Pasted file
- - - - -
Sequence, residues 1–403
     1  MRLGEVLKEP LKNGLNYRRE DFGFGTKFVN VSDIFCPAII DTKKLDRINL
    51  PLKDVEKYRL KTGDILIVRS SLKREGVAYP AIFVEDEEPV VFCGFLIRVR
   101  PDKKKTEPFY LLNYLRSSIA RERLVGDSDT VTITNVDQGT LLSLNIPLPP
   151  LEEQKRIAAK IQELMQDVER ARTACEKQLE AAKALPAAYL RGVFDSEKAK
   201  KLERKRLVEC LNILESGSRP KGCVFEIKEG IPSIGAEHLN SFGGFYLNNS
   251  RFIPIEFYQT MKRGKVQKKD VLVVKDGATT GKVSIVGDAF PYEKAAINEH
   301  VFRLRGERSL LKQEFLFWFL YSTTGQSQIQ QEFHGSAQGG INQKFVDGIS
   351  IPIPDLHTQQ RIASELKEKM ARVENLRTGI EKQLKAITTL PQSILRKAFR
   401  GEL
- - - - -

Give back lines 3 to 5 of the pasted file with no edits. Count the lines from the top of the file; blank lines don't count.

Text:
    51  PLKDVEKYRL KTGDILIVRS SLKREGVAYP AIFVEDEEPV VFCGFLIRVR
   101  PDKKKTEPFY LLNYLRSSIA RERLVGDSDT VTITNVDQGT LLSLNIPLPP
   151  LEEQKRIAAK IQELMQDVER ARTACEKQLE AAKALPAAYL RGVFDSEKAK